They’re easy to spot as they step out of the Metro at Monastiraki, blinking like owls in the bright sunshine as they consult their academic guidebooks and check their maps.
In baggy shorts, cotton socks and comfortable sandals, they stand out from the usual tourist crowd. They’re dressed for comfort not style. After all, it’s the siren’s call of culture and not a package holiday of the hoi polloi that has brought them to Greece.
For years they have dreamed of walking in the footsteps of Pericles, standing on the very same spot in the Agora where Socrates once proclaimed on the meaning of life, or climbing the rock from where St Peter addressed the Athenians a couple of millennium ago. And now that they’re here, they’re determined to soak up every drop of Greek atmosphere.
Unlike ‘Touristas Gormless’, those more gaudy and garrilous visitors that flock to Greece every summer, Culture Vultures have little interest in sun, sea and gallons of ouzo. They know that they won’t find fish ‘n’ chips in the narrow streets of Plaka, and they’re glad of it.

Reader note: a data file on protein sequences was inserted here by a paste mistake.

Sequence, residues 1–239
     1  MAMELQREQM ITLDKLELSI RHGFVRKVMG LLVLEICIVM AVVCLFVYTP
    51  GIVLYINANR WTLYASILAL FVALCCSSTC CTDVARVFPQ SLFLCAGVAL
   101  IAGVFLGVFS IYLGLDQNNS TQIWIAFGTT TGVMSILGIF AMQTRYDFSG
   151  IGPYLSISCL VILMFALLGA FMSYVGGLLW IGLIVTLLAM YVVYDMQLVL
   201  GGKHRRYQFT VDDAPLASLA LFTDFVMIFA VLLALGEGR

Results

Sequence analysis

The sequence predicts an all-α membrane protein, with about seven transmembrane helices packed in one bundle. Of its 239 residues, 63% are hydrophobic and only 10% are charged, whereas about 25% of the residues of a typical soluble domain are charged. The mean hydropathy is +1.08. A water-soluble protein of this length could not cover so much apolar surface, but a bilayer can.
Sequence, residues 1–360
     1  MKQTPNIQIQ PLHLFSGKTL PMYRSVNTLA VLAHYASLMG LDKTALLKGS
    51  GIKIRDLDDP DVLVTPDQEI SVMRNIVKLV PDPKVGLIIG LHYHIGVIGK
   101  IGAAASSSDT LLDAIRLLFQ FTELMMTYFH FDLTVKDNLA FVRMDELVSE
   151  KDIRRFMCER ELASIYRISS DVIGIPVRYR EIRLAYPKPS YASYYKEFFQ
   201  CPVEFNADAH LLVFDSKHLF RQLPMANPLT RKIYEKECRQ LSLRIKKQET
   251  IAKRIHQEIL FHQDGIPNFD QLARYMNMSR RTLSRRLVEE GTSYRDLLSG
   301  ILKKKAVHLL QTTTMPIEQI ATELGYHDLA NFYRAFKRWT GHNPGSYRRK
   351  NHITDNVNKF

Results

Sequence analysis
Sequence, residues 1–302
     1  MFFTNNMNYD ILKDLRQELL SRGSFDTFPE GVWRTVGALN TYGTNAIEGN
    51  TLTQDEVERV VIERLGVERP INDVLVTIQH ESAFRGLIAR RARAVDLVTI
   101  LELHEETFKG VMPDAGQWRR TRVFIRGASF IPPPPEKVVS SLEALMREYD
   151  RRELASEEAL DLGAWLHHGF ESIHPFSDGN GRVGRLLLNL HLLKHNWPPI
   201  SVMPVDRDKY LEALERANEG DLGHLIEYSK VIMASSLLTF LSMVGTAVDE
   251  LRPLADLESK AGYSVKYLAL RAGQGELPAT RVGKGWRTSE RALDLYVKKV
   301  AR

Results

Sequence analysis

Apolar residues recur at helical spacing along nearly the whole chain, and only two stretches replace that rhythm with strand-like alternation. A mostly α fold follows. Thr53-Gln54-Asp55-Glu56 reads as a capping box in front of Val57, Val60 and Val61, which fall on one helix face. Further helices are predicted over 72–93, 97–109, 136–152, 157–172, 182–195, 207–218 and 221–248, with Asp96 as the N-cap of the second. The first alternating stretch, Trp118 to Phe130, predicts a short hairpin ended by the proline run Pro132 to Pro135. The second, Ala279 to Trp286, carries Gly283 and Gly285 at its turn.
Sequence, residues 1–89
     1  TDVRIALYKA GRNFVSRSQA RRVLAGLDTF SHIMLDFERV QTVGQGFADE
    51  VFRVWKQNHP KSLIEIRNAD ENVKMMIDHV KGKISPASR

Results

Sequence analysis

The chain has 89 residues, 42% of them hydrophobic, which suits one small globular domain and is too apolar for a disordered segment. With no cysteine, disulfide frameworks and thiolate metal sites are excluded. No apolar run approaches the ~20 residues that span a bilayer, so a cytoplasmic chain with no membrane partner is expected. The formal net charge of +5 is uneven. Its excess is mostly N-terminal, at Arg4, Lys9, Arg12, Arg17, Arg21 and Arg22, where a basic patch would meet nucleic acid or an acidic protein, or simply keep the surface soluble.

They have studied hard for their visit to the city that gave birth to democracy, having greedily absorbed every book and documentary about Ancient Athens that they could get their hands on. They may even have taken night classes in Greek (though they’re unlikely to be ready for the blank stares they’ll get from the locals when they ask in heavily-accented Ancient Greek how to get to Hadrian’s Gate).
Modern Athens can come as a bit of a shock to their system. Where they have imagined civilised debate in the leafy foothills of the Acropolis, they are more likely to find a noisy crush of humanity (half of which keep trying to sell them plastic novelties as they study their phrase books and sip their coffee at the pavement cafeteria). The cars, the fumes, the cement, the litter – it’s not quite what they had in mind.
But they don’t care. The glory that once was Athens is the reason they’re here. And although they may need to scratch the surface of the dirty, bustling, modern city to see, it is still there – for the Greeks are just as much in love with that ancient glory as they are.